A detail of a green-headed mallard from the digital woodland wildlife art collection by Talia Giles.

Left: Tania working on the digital side of her creations. Right: Detail of Mallard on Laurel archival quality Giclée print.  This green-headed male Mallard is part of the Great British Birds series. While he holds his own on the wall, the background shades on all the animal portraits are designed to be mixed and matched. This striking chap is also available on an Elderberry ground.

How do you select each new ‘sitter’? By which I mean your characterful, portrait subjects…

So far I’ve had a theme to my wildlife wall art collections which has narrowed down the options e.g. Woodland Creatures – there are only so many birds and mammals in the UK that are woodland inhabitants. Not only do I have to choose the animal, I also have to choose between male or female. In the bird world, males are usually the most magnificently coloured, so they often work best for my wildlife prints. 

This year I’m adding to the Animals v Humans collection. This has led to the difficult task of selecting only a handful of animals from the far too many species placed on the endangered list, as a result of the actions of humankind.

Wildlife wall art creative Talia Giles selecting pictures for an exhibition.

Left: Talia experimenting with various combinations for an exhibition. Right: Detail of Kingfisher on Feather, archival quality Giclée print. One of the most brightly coloured birds to be found along our rivers and streams here in the UK. The kingfisher looks brilliant in A2 size, to really show off all of the detail.

What do you think your customers appreciate most about your wildlife wall art? Their digital composition and unique, modern feel? Or do they just love the creatures you portray?

I’d say it’s a combination of the colour palettes, a love of nature and the wow factor. There’s always an optical illusion at play. From the far side of a room, the wildlife prints are high impact and look like paintings. As you step closer you see that the image is fragmented. I like to think of it as art for people who see the world differently. I’ve essentially reconstructed nature by playing with form. It’s just a series of shapes made up in to something we recognise.

Of course, it helps if you love the subject matter too, and there are plenty of wildlife lovers out there who invest in my artworks.

Polar bear artwork depicting this majestic creature against a soft mauve backdrop.

Left: Detail of the hand-finished silver flake on the Polar Bear print. Right: Polar Bear limited edition of just ten Giclée prints. Hand-finished in silver metal leaf and then lacquered to prevent tarnishing. The Polar Bear is also part of the Animals v Humans collection. Each print is unique due to it being hand finished.

What kind of interior design schemes do you imagine your artworks hanging in? 

This is a difficult question as there are so many. When I first started out, I had a vision of my wildlife wall art appearing in industrial, warehouse apartments on huge exposed walls. However, what I’ve found is that the artworks really enhance a range of spaces: cute country cottages; decorative, maximalist interiors; new, modern builds and everything in between.
 
A detail of the digitally-created partridge drawing.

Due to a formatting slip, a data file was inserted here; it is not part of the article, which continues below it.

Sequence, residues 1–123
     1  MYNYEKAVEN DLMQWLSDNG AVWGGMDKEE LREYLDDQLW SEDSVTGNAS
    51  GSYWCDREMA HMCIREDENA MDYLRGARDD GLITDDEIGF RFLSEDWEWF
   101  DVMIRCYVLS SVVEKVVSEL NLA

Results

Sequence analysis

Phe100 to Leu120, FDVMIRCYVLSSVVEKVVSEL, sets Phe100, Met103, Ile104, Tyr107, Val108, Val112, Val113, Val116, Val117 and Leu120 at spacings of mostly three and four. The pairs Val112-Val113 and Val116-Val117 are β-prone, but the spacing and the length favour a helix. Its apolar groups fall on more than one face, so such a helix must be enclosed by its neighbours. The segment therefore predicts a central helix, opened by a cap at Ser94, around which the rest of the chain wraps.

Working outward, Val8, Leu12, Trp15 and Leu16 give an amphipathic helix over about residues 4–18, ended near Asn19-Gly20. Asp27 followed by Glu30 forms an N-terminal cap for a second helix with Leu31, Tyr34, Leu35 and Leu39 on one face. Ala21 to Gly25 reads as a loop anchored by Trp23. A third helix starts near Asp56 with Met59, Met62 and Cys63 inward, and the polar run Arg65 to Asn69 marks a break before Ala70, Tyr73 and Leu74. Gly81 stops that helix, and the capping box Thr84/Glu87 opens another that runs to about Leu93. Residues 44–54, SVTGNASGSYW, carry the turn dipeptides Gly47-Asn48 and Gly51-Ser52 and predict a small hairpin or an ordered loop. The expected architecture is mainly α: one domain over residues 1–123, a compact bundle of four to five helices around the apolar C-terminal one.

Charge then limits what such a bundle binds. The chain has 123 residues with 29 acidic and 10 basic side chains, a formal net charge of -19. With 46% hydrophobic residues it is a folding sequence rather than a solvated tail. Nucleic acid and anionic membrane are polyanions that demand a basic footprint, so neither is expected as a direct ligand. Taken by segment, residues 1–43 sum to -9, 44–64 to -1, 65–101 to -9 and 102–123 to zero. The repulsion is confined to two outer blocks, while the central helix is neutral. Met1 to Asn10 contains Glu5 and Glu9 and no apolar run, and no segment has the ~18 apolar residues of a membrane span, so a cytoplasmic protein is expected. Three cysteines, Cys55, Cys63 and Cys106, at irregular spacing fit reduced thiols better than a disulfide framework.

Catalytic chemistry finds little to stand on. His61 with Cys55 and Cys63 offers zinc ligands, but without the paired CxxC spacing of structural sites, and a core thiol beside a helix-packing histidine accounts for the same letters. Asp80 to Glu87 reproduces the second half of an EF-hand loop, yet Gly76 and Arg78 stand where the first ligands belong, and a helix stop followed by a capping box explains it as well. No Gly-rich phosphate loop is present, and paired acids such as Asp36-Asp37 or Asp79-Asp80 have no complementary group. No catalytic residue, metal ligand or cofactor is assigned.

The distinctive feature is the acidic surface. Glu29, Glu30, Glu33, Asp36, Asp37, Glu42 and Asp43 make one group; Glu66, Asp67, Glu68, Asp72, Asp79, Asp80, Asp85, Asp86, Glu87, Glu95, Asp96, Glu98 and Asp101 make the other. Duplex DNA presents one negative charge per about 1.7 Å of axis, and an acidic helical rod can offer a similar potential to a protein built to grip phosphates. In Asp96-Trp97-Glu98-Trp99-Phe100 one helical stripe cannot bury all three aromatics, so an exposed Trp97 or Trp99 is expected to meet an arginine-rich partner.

Left: Red-Legged Partridge on a Narcissus ground. Right: A detail of this archival quality Giclée print. The Red-Legged Partridge is part of the growing Great British Birds series and looks great alongside the Pheasant. Mix and match with other prints from the Woodland Creatures collection.

What/where is your dream home and how would you decorate it?

We have two! The first would be an eco-friendly, tiny, container style home in the Yorkshire Dales with biophilic design front and centre: full of books, local artist landscapes and hand-whittled furniture.

The second would be a semi-crumbling smallholding in the south of France with lots of outbuildings and land. We would spend the rest of our lives carefully rebuilding, and rejuvenating the brickwork and the interior. Each room would be painted a deep, rich hue and the house would be full of mad finds from flea markets: large scale, hefty, antique furniture; as many ceramics as is possible from local artists; textiles and of course, a dreamy light and airy studio space so I can paint to my heart’s content. Oh, and a music studio (sound-proofed) for Andrew, can’t forget him!

 
A detail of the digitally-created barn owl print.
Owl print and sparrrowhawk print framed against a deep green wall.

Left: Detail of Barn Owl archival quality Giclée print on Witching Hour ground. Right: This beautiful, elegant night-time flyer is part of the growing Great British Birds series. He looks great on the wall alongside the rest of the collection and is pictured here with the Sparrowhawk.

Choosing colours for interior design schemes is tricky. How do you select the right background options for your artwork. Do you offer a bespoke service?

My advice to people choosing their own backgrounds is to just let all your inhibitions go. Don’t feel intimidated by the rule books, or ‘rules’ of colour. The first step is to go with what you love, no holds barred. But, if you want to make it look effortless, art is a fantastic way of creating a focal point in a room. It can also help create a transition between colour schemes in different rooms. For example, if you had a dusty rose sofa in your lounge, you could use the Elderberry background shade in the next room to help your rooms flow and continue the colour. Or, above the sofa, you could have the Jaguar on a Jungle Teal background which would be a bold, complementary colour to the dusty pink.